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postgraduate thesis: Gratitude and well-being : the mediating role of coping

TitleGratitude and well-being : the mediating role of coping
Authors
Issue Date2015
PublisherThe University of Hong Kong (Pokfulam, Hong Kong)
Citation
Lau, H. [劉喜寶]. (2015). Gratitude and well-being : the mediating role of coping. (Thesis). University of Hong Kong, Pokfulam, Hong Kong SAR. Retrieved from http://dx.doi.org/10.5353/th_b5543993
AbstractGratitude is a ubiquitous emotional experience. A simple “thank you” could just be a casual gesture of politeness; yet, religions, philosophers, and psychologists have long proposed that heart-felt experiences of gratefulness is the key to well-being. This dissertation examined the mediating mechanisms of the effects of gratitude on subjective well-being. I proposed a resources-coping model, which postulates that gratitude fosters subjective well-being through first enhancing perceptions of coping resources, which in turn facilitating the adoption of adaptive coping strategies. I tested this model in three studies. Study 1 found that, compared to the control condition, participants experienced more favorable perceptions of social and personal coping resources, higher efficacy to positive reframe stressful events, and greater subjective well-being upon recalling grateful events. The effect of condition on subjective well-being was mediated by enhanced feelings of coping resources and positive reframing efficacy. Building on this finding, Studies 2 and 3 applied the structural equation modeling approach to examine the inter-relationships among gratitude, social and personal coping resources, adaptive coping strategies, and subjective well-being among individuals facing specific stressors. Study 2 revealed that gratitude was associated with the receipt and satisfaction with social support, as well as adaptive coping strategies, including positive reframing, humor, acceptance, religious coping, and social support seeking, among a group of familial dementia caregivers. Study 3, which was conducted among a group of adults who had recently experienced a work-related stressor, largely replicated the findings of Study 2 and found that gratitude was associated with both favorable perceptions of coping resources as well as enhanced deployment of adaptive coping strategies. The results of the structural equation models demonstrate that coping resources mediated the effect of gratitude on life and work satisfaction, perceived life and work stress, and depressive symptoms. Findings of these three studies generally support the resources-coping model. Implications on future studies on gratitude and the coping process, as well as the application of gratitude-related findings to psychotherapy are discussed.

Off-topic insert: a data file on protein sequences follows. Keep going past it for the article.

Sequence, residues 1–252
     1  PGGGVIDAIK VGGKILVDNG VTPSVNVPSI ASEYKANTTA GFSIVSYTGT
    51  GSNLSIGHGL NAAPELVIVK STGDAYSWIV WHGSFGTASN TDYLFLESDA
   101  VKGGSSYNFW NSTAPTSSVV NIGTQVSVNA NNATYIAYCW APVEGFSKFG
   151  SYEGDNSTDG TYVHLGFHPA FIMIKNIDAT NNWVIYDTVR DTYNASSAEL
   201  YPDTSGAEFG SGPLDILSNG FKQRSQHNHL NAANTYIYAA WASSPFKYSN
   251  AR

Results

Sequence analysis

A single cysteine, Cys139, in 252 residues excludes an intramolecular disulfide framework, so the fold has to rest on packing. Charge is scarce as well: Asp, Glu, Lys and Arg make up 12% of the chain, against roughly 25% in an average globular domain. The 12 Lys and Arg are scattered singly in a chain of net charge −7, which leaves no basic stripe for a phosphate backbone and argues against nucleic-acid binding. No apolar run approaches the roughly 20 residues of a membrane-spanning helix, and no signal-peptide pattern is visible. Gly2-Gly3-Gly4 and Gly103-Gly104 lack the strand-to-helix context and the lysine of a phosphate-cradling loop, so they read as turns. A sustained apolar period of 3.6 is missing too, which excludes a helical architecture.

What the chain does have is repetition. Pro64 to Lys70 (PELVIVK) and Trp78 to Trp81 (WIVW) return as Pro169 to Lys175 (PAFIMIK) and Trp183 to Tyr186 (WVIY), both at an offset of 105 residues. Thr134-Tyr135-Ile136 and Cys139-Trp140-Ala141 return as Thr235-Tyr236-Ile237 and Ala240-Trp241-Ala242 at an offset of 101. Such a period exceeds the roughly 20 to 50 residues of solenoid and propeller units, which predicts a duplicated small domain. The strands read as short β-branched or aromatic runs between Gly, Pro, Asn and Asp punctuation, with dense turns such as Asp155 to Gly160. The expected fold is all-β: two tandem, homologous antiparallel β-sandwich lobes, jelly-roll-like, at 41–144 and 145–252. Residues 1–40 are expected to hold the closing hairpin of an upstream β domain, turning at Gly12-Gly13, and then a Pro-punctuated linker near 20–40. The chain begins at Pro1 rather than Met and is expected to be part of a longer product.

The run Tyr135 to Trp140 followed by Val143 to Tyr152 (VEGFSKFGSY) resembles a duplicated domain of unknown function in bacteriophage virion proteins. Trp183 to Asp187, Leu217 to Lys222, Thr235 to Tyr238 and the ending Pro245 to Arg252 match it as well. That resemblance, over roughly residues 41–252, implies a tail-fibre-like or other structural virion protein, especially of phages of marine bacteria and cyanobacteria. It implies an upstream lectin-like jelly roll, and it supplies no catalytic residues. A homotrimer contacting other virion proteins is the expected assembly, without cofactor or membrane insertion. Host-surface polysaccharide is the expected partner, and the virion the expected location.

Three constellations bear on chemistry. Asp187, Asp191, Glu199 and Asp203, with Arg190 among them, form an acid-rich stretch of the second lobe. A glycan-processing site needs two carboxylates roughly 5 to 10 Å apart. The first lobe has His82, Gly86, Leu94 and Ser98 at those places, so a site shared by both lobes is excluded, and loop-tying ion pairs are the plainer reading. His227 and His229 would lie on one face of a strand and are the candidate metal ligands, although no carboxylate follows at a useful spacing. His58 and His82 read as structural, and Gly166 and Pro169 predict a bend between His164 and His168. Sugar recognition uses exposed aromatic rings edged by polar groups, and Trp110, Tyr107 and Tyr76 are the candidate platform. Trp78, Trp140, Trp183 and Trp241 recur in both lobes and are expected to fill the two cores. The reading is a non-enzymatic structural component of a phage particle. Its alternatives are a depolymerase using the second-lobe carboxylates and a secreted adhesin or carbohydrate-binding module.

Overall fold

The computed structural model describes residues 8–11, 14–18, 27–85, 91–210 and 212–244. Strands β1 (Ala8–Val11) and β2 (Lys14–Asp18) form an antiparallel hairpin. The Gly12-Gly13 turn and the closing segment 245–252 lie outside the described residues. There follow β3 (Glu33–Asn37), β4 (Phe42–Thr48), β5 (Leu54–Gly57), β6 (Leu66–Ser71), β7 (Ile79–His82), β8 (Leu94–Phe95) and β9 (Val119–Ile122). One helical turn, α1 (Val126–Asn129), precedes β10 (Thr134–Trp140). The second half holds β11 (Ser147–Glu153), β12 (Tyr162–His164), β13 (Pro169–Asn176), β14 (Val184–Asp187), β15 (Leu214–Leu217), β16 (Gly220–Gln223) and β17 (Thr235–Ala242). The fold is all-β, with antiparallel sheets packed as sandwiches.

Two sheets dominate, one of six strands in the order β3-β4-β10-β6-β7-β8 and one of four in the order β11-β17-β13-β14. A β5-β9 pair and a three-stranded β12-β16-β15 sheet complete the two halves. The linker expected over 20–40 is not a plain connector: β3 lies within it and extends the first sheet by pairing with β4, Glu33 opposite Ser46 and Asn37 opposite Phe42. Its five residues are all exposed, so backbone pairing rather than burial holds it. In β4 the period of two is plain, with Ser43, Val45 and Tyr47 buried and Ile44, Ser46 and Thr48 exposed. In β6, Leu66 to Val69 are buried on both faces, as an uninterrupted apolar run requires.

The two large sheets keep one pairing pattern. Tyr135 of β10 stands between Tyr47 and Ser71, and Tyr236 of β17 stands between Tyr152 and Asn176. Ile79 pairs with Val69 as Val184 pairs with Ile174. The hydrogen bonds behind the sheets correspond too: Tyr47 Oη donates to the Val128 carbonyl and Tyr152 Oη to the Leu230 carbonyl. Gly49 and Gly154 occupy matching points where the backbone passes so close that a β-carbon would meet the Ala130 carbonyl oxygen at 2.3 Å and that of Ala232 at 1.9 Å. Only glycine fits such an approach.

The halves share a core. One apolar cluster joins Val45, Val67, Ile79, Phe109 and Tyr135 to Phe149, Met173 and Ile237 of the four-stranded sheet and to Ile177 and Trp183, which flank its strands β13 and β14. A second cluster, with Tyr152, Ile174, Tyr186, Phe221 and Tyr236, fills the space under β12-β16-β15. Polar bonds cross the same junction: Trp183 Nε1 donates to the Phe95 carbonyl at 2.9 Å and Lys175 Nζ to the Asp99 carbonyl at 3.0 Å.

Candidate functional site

DegreeDoctor of Philosophy
SubjectGratitude
Adjustment (Psychology)
Well-being
Dept/ProgramPsychology
Persistent Identifierhttp://hdl.handle.net/10722/212612

 

DC FieldValueLanguage
dc.contributor.authorLau, Hi-po-
dc.contributor.author劉喜寶-
dc.date.accessioned2015-07-23T23:10:49Z-
dc.date.available2015-07-23T23:10:49Z-
dc.date.issued2015-